DotNetMud: Its Alive!


Heading back home today, vacation is about over.   For my little pet project, its been a nice little run.  Here’s what I got done:


  • Two different browsers
  • Logging in as two different users
  • Input_to() is implemented to get the user’s name.
  • I have a standard room object to house the players
  • the players each have their own mud-object
  • I’m currently hardcoding the verb/action stuff, only does look()
  • Using Signal/R as the transport between client (browser) and server

Server side tour:



This is the Signal/R Hub.  It currently only has two methods / routines / channels – SendOutput and ReceiveInput.  It deals with new players connecting.

It tries to offload everything it can to Driver.  


Driver is what used to be the driver (efun) level stuff in the old LPC muds.   Its where these kinds of things live:

  • What’s the list of players?
  • send a message to a user
  • find me an object matching a string X  (eventually)

However, Driver does not pretend to know what kind of mud you want to write.  So for that purpose, it relies on IGameSpecifics – which I only have one implementation of – to deal with things like “what object do players use” and “what to do with a new connection”.

IGameSpecifics / SampleGameSpecifics

As mentioned above, this is effectively “master.cs” from the LPC days.   However, there’s not a lot of stuff in it about permissions, and stuff like that, as we’re not yet compiling C# code on the fly.


These are all the things that would go into writing your own mud.  I have a standard room and user object, and a single room (Lobby).  The code for “look” is currently built into User, that will need to move out sometime.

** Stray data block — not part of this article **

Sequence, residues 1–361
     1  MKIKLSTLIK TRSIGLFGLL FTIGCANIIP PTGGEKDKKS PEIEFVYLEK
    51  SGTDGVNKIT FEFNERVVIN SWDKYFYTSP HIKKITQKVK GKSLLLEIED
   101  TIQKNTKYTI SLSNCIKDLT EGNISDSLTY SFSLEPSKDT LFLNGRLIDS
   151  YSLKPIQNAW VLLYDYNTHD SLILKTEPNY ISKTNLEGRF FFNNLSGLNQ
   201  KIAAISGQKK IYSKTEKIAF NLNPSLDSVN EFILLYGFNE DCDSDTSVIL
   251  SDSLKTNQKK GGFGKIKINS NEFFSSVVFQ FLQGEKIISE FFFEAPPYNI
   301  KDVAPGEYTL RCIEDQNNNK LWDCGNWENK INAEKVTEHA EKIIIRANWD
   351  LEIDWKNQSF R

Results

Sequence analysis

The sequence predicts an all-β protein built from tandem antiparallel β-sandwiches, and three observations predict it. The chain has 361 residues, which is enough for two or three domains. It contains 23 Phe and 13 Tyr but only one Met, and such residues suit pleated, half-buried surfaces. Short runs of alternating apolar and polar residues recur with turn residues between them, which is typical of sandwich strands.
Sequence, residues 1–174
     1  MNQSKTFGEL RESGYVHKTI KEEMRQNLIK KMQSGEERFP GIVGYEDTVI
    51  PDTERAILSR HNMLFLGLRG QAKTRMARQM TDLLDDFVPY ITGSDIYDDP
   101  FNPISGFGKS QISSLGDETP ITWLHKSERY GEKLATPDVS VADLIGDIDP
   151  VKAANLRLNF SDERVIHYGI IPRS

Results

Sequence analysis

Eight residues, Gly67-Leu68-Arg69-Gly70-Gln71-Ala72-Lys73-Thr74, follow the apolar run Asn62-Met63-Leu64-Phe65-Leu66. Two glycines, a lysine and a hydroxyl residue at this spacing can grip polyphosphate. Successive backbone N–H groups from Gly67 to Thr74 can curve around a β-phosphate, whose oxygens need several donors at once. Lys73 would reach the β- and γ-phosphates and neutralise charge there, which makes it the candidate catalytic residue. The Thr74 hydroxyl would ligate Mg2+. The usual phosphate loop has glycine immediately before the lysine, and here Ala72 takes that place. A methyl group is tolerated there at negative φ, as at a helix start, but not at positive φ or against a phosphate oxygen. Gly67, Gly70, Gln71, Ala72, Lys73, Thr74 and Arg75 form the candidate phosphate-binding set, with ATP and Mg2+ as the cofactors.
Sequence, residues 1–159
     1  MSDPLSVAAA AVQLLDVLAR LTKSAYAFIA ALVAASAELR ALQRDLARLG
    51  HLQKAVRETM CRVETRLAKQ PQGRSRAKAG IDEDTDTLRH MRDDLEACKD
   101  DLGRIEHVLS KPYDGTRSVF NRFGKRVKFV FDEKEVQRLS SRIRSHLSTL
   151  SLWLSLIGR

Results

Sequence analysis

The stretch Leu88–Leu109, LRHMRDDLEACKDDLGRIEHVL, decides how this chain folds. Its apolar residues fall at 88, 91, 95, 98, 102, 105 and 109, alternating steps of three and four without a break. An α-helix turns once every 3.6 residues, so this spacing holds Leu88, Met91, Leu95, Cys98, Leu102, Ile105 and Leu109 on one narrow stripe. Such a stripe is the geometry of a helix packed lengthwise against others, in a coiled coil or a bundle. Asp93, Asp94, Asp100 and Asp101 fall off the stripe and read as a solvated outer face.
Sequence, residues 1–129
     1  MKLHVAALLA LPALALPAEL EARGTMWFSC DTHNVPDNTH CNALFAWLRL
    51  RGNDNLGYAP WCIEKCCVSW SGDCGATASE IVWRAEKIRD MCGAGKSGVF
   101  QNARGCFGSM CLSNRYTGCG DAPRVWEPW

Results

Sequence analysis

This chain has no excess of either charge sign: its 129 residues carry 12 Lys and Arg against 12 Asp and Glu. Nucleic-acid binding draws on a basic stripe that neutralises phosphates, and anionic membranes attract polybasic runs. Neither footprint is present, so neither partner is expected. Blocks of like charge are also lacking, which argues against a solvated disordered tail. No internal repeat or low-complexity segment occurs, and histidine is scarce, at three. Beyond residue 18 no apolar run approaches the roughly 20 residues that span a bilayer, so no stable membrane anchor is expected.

Where to go

There are many places left to explore in this little codebase:

  • Standard rooms don’t yet have directions going to other rooms.  That’s probably the most important next thing.
  • Putting in a verb structure so that players, rooms, and objects in a player’s inventory, all get a chance to put in their own verbs.   (there’s many ways to optimize this, I’ll probably brute force it the first time)
  • There definitely is NOT any on-the-fly compilation going on.   Everything is precompiled.
  • I don’t have a method in place to covert a reference like “/core/Lobby” to an actual in-game object.  I have to make some design decisions there.    Do objects claim URI’s, or do I use the URI to detect where the code is at, or ..  ? This affects the next thing –
  • There is no database backend or persistence.  And there probably won’t be, because that’s not where I want to go, this is a sample.
  • There are player disconnections to be handled as well, and reconnections.
  • Once a verb structure is in place, there’s going to be ID() stuff where swords can say that they are the sword that needs to be picked up, for example.

Uh oh, time to go.   Lunch with the family.

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Posted in Code, Games

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